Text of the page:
Image of the 190m long He Ara Kotahi bridge with viewing platform in the centre, that connects the Victoria Esplanade in Palmerston North, to the other side of the Manawatū River.
The design inspiration for the bridge is a karaka tree, with its 'roots' in Dittmer Reserve, between the Esplanade and Ruha Street. People flying from Palmerston North to Christchurch will likely get the best view of the tree design. The Karaka design has strong links to the history of our iwi, Rangitāne.
The pathway is part of the 7.6km route which connects cyclists and pedestrians between Palmerston North and Linton Military Camp, Massey University and Food HQ. The name means a pathway that brings people together.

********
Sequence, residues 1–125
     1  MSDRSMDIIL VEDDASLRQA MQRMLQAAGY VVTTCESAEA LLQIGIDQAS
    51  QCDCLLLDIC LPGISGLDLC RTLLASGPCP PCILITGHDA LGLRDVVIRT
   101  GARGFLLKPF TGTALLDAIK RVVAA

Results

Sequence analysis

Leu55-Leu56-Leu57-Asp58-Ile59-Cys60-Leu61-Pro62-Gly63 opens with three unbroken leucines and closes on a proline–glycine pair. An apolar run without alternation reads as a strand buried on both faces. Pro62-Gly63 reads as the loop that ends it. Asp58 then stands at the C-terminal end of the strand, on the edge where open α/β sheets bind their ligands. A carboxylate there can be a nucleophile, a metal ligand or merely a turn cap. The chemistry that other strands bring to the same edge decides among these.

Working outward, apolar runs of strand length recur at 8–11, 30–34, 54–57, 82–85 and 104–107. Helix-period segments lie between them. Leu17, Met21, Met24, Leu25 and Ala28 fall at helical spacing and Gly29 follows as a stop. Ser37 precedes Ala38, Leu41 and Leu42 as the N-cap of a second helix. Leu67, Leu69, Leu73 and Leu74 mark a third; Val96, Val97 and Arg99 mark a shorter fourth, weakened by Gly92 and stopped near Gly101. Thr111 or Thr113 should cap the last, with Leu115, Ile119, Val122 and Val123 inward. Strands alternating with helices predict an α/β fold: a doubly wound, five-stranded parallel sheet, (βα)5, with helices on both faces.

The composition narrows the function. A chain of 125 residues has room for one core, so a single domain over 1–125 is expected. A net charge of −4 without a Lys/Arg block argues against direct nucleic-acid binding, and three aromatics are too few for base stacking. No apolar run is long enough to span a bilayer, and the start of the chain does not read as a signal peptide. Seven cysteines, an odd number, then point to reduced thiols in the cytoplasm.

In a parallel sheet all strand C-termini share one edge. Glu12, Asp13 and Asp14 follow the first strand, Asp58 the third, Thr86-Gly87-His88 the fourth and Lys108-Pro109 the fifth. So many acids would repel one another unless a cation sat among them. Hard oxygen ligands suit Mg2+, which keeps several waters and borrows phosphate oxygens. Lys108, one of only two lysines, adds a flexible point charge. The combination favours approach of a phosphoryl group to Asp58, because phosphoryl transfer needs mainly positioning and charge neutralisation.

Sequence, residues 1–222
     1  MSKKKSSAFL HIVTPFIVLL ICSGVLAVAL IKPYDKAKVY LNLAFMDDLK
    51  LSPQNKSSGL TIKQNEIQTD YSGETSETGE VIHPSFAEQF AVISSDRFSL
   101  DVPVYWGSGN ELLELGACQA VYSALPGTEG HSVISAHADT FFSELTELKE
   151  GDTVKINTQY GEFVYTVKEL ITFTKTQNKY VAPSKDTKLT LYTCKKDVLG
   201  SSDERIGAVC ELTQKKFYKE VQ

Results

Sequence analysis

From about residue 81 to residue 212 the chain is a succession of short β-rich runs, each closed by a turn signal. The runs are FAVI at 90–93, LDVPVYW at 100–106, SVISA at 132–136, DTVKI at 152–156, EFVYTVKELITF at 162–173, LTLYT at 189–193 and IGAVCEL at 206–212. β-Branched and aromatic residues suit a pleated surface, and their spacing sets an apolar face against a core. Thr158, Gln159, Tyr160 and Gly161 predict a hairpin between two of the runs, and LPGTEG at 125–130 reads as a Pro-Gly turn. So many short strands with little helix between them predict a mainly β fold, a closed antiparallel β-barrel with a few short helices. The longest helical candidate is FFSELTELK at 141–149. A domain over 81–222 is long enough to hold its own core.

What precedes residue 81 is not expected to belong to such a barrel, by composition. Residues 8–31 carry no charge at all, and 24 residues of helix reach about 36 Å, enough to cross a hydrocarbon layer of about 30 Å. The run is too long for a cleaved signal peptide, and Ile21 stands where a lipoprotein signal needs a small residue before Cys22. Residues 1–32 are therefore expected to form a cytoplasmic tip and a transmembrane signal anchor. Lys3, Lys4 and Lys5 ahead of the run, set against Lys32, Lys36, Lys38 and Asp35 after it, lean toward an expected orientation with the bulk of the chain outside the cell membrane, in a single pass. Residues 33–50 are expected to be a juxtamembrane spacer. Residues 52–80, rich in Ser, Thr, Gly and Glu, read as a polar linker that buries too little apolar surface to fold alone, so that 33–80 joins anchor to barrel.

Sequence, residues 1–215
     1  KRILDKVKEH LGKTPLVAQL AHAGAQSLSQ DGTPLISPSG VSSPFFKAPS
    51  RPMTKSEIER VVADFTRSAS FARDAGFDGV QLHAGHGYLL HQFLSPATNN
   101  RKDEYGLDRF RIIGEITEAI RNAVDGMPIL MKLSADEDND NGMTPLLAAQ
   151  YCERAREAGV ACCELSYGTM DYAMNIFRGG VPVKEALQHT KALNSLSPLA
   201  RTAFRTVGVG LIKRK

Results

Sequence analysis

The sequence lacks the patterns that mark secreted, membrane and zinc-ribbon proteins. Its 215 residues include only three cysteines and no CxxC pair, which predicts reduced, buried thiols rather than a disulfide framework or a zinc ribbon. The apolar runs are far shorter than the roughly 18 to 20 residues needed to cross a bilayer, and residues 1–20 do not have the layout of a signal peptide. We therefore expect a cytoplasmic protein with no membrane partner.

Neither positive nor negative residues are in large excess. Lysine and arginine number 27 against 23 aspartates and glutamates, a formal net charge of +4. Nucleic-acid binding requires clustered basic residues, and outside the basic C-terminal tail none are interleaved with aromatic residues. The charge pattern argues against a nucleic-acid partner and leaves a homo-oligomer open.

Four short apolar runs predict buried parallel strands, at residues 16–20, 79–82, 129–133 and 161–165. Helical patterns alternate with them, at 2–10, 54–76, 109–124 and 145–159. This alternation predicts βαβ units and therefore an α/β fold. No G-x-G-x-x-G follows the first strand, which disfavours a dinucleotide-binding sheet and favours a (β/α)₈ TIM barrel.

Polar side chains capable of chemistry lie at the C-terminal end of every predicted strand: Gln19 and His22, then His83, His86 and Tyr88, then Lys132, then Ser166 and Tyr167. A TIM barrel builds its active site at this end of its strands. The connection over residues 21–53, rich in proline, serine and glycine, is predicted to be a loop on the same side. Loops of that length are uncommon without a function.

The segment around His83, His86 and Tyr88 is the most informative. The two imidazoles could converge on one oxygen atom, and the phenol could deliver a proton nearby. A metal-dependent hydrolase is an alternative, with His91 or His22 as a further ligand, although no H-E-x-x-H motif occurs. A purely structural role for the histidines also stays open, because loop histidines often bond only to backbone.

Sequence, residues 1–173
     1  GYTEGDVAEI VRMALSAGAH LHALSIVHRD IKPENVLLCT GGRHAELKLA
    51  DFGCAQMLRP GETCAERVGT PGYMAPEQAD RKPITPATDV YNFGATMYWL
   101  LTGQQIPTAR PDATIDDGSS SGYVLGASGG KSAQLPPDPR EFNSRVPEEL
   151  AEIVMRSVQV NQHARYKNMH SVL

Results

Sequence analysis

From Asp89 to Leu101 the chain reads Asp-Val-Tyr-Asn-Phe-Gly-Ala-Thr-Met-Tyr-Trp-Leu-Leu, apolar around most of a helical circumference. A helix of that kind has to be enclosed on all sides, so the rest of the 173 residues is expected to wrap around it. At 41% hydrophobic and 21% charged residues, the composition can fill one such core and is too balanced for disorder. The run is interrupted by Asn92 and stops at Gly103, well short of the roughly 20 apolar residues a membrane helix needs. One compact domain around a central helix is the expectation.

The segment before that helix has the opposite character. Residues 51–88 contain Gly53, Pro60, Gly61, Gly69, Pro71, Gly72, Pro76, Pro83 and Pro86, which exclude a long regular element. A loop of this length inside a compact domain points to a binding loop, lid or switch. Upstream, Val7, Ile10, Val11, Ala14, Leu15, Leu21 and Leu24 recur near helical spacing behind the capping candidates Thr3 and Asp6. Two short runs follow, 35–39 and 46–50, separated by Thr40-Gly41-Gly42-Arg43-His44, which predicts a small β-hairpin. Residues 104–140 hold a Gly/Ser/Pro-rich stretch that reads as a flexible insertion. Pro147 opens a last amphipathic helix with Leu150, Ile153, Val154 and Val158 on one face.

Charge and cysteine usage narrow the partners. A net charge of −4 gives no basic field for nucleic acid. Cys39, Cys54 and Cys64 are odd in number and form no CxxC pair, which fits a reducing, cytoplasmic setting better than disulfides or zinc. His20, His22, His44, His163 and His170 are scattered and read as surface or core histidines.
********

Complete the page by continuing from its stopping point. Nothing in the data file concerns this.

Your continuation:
There are four other bridges along the path. Turitea Bridge is the closest to the city, followed by Farm Bridge. Both are 36 metres long and have three piles anchored 15 metres into the ground. The 10 metre long Greenwoods Bridge is towards the Linton end of the path. It was built in Horowhenua and trucked in for installation. This bridge connects to a raised boardwalk which lets you walk in the canopy of native trees. The last, Kahutarawa Bridge, is a suspension bridge like the the Golden Gate bridge in San Francisco. It is 45 metres long and connects the pathway to Linton Military Camp.
The project was a partnership between Palmerston North City Council, Massey University, Rangitāne, Horizons Regional Council, the New Zealand Army at Linton Military Camp and the New Zealand Transport Agency. NZTA funded $3 million of the $14.6 million cost of the project through the Urban Cycleway Programme. The remainder of the cost was split between the National Land Transport Fund, administered by NZTA, and Council. Powerco also contributed $500,000.